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Cryobiology. 2008 Dec;57(3):216-22. doi: 10.1016/j.cryobiol.2008.08.005. Epub 2008 Aug 29.

Hypothermia downregulates inflammation but enhances IL-6 secretion by stimulated endothelial cells.

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Department of Pediatric Cradiology, Charité Universitaetsmedizin Berlin, Berlin, Germany.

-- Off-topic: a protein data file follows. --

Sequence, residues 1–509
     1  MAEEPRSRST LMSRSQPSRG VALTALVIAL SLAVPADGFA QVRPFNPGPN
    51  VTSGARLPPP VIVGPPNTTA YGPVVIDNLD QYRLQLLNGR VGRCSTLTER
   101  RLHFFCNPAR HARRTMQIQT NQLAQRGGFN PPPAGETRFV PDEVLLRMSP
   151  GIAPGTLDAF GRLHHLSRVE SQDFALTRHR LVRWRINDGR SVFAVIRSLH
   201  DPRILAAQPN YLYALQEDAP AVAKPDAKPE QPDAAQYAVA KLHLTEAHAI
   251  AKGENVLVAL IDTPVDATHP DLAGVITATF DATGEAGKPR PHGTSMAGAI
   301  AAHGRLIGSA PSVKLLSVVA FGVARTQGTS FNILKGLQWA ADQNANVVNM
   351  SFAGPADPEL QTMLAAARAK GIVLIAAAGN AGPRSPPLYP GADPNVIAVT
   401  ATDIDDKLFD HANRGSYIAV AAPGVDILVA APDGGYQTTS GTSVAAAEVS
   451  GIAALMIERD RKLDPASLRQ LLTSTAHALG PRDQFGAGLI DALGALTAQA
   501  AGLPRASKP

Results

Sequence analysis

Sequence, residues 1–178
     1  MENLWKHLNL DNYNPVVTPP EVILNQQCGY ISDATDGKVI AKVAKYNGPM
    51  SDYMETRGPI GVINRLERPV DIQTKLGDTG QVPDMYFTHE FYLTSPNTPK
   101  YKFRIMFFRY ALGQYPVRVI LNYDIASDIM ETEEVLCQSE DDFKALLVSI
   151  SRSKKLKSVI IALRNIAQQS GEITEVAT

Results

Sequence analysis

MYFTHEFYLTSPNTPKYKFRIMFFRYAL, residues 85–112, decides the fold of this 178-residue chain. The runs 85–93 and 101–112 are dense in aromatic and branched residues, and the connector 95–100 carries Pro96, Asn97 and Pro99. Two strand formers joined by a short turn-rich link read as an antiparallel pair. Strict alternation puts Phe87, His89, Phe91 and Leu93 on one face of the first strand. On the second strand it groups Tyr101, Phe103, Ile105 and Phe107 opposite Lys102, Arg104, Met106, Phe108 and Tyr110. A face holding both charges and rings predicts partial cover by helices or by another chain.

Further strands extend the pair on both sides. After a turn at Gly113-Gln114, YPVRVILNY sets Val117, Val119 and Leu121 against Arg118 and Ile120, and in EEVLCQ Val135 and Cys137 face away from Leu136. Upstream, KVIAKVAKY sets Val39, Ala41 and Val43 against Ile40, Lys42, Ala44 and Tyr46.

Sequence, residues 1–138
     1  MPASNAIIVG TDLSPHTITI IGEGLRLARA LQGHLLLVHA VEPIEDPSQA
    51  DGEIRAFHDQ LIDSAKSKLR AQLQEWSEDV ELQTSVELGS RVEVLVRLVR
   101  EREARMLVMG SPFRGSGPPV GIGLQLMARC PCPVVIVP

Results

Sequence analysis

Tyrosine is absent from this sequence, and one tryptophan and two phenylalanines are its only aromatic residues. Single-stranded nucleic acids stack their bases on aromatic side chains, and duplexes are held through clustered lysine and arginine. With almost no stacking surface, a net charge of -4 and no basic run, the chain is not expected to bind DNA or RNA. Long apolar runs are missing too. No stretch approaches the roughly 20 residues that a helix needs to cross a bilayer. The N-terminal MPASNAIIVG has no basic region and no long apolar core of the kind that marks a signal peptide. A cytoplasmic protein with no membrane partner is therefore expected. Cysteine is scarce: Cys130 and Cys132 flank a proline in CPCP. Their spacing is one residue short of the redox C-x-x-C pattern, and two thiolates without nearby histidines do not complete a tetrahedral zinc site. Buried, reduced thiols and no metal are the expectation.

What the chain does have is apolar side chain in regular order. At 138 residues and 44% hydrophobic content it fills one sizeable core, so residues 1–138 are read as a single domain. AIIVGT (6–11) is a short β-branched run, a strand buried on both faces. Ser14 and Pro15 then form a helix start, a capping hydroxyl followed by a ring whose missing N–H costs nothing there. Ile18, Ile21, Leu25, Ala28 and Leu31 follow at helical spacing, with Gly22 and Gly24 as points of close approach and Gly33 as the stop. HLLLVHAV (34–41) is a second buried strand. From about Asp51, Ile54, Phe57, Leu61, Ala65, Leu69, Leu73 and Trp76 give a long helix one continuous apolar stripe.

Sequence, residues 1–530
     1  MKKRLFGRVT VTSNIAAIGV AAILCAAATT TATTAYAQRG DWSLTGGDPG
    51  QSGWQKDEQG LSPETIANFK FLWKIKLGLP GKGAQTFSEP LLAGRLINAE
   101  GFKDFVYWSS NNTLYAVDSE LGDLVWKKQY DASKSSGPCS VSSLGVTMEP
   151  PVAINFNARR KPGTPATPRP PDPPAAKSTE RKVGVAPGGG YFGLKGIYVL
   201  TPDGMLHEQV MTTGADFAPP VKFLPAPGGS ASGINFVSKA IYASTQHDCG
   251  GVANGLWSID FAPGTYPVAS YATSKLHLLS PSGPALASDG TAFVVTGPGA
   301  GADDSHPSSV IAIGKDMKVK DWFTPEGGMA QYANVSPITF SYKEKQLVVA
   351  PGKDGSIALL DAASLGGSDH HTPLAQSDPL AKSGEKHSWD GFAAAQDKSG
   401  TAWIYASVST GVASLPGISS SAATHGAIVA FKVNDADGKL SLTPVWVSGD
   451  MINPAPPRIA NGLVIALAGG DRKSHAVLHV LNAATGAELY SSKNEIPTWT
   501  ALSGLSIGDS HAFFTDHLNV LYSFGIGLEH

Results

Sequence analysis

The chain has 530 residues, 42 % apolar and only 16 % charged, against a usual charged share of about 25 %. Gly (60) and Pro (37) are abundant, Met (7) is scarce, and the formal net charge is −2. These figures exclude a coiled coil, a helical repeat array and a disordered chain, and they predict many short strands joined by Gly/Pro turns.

Hypothermia is a standard method for organ protection during cardiac surgery in children. However, the mechanisms of hypothermia-induced cell protection have not yet been clearly established. Therefore, the aim of our studies was to elucidate molecular effects of clinically relevant mild and deep hypothermia on endothelial cells. The endothelium plays a pivotal role in the interaction between blood cells and actively participates in complex inflammatory events. We isolated primary human umbilical vein endothelial cells (HUVEC) and investigated cell viability, proliferation and inflammatory characteristics after TNF-alpha stimulation under mild (32 degrees C) and deep (17 degrees C) hypothermia in comparison to normothermia (37 degrees C). As a protective mechanism of endothelial cells kept under hypothermic conditions we found a significant upregulation of the antiapoptotic protein Bcl-2, resulting in the same cell viability under hypothermic conditions. Unexpectedly we demonstrated significantly higher IL-6 release after 6h of mild hypothermia. In contrast, hypothermia diminished inflammatory chemokines such as IL-8, MCP-1 and COX-2 protein expression which could lead to reduced leukocyte recruitment under hypothermia. Underlying mechanisms of this downregulation were found to be reduced ERK 1/2 phosphorylation and incomplete IkappaB-alpha degradation resulting in reduced NFkappaB-dependent proinflammatory gene expression. The upregulation of Bcl-2 protein and the higher IL-6 release after 6h of mild hypothermia are new and interesting cellular mechanisms of hypothermia in endothelial cell biology. Both factors may play a major role as cell protective mechanisms in hypothermia.

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